Scaffolding – Steel or Aluminum?

I recently received a call from a rather confused OHS practitioner who asked if Aluminum climbing equipment is a scaffold or not and if the legal appointments is necessary. According to an article published by a manufacturer, these “climbing equipment” is not a scaffold.

The answer is however the opposite.

The Construction Regulations defines a “scaffold” as a temporary elevated platform and supporting structure used for providing access to and supporting workmen or materials or both.

The regulations also refers to “temporary works” as any falsework, formwork, support work, scaffold, shoring or other temporary structure designed to provide support or means of access during construction work;

The manufacturer indirectly claims that Regulations 12 and 16 do not apply to aluminum access towers (Scaffold as defined). The article read “Broadly speaking, scaffolding is considered as a structure whereas mobile access towers is deemed to be equipment used by trained individuals for the purpose of gaining access to elevated work positions to carry out light-duty, short duration maintenance type of activities”.

But it is also regulation 6(2) that applies to the design of these “Not-scaffolds”.

Chapter 4 of SANS 10085:2004 Part 1 deals with the scaffold materials and refers to timber, steel, aluminum and Plastics . Here is an extract.

4.3 Aluminium

Aluminium shall be of sufficient strength and suitable quality to support the intended loads (see 5.10.4).

5.10.4 Aluminium standards and tubes

Aluminium standards and tubes shall have a minimum 0,2 % proof stress value of 250 MPa, and a minimum ultimate tensile strength (UTS) value of 290 MPa, and shall be of nominal outside diameter 48,4 mm and of nominal wall thickness 4,47 mm.

SANS10085 was not incorporated into the 2014 regulations as it was already incorporated in the 2003 regulations under Section 44 by GNR1020 of 18 July 2003. The repeal and replacement of the 2003 regulations did not require it to be done again.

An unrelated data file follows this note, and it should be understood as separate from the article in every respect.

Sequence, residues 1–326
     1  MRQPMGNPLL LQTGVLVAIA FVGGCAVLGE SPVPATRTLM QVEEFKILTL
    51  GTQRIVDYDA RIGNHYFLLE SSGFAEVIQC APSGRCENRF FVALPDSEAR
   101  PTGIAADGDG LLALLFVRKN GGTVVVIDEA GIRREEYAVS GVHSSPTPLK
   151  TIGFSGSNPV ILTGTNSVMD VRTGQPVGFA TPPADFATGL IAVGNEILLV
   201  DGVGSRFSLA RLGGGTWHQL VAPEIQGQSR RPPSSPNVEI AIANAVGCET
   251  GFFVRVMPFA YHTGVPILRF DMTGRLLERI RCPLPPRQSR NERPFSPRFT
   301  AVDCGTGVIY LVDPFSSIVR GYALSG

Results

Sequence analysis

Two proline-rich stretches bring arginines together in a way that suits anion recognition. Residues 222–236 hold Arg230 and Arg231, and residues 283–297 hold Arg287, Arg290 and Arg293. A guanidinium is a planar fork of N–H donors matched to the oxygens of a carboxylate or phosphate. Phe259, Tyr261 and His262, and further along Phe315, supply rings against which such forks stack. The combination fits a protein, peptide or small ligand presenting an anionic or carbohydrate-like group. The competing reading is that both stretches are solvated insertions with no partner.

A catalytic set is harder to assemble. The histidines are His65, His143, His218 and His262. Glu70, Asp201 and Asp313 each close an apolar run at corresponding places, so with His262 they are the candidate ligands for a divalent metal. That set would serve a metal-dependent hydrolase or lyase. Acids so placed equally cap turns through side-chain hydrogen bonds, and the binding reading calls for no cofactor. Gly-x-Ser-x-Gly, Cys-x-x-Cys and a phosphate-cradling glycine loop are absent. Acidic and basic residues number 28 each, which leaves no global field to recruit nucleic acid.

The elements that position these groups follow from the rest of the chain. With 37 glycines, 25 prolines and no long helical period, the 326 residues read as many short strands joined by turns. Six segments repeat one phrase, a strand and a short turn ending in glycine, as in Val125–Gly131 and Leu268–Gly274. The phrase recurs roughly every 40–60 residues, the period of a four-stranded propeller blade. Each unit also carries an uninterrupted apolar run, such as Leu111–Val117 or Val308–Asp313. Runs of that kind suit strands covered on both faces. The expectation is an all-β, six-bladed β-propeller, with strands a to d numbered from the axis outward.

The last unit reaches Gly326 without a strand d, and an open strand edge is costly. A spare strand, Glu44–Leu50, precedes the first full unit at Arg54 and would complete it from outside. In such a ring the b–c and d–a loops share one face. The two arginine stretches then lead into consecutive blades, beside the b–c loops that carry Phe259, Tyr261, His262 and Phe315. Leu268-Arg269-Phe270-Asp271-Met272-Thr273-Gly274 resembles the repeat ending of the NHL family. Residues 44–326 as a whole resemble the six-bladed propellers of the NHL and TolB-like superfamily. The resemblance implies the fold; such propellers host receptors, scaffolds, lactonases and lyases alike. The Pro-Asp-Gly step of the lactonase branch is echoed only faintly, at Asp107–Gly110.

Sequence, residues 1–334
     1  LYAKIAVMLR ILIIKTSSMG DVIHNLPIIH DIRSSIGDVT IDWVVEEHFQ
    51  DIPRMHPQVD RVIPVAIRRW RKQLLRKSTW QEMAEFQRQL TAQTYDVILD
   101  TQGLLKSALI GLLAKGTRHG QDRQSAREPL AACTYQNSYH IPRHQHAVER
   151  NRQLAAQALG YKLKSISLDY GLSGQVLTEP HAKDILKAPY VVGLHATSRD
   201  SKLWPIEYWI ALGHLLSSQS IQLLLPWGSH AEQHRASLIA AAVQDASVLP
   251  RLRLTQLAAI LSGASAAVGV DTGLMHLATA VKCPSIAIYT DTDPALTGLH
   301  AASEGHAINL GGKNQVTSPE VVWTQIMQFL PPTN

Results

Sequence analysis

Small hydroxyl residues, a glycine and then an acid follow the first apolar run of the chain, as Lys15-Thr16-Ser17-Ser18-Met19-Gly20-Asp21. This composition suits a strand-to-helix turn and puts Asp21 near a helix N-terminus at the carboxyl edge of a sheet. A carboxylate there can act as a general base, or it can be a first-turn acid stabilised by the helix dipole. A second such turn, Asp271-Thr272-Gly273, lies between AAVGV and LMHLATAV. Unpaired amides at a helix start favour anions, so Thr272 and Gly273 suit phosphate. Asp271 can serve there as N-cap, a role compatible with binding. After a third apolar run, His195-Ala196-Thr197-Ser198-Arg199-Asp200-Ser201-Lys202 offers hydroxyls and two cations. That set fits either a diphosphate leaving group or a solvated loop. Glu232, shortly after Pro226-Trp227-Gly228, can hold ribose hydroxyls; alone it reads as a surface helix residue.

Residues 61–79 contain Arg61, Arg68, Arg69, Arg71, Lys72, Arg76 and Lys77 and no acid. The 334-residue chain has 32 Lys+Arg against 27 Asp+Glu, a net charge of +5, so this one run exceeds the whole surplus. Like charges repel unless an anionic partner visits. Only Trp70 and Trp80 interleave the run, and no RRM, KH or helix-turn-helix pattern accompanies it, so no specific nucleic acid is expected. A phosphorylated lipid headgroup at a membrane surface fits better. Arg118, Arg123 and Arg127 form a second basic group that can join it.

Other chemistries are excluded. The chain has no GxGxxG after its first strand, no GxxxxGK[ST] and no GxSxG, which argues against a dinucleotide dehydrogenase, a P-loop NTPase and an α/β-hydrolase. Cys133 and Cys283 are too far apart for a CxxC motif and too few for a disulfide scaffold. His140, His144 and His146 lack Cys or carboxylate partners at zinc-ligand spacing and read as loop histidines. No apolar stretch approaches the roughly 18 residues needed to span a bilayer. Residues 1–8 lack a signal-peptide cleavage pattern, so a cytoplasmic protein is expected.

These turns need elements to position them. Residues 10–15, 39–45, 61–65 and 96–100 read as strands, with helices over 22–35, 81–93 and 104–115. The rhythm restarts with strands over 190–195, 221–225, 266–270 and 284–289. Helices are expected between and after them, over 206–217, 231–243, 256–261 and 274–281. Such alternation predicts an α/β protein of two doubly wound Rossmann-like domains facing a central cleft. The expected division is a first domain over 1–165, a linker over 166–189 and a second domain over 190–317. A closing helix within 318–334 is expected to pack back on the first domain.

Section 12(2)(b) of the Interpretation Act, 1957 states that where a law repeals (CR2014) any other law (CR2003), then unless the contrary intention appears, the repeal shall not affect the previous operation of any law so repealed or anything duly done or suffered under the law so repealed.

The quoted Government Gazette refers to the “guidelines” to the Construction Regulations and although the first page of the Gazette calls it “regulations” published under Section 43,  it is mere “notes” added to existing regulations which is to aid the reader, and the courts for that matter, with the interpretation of the regulations. Safety standards can only be incorporated under Section 44 of the Act to give it the same effect as statutory law.

The bottom line is that the appointments required by Construction Regulations 6, 12 and 16 will apply to any scaffold, whether you call it equipment or not. It is always better to consult your company’s legal counsel or attorneys to fully understand the risks you expose your business to.

Rudy_D Maritz
Rudy is an experienced EHS Law advisor and has more than 30 years experience in criminal law, maritime and environmental law. He is an executive partner at Le Roux Maritz & Associates, based in Cape Town.
Rudy is also an Author for and was the Magazine's publisher until April 2018.
He worked for various industries, including law enforcement, fishing, transport, logistics, construction, and telecommunications. For the last 5 years, he has been a facilitator for ECSA accredited CPD training in Construction Contracts & Risk Management.

Leave a Reply

Your email address will not be published. Required fields are marked *

This site uses Akismet to reduce spam. Learn how your comment data is processed.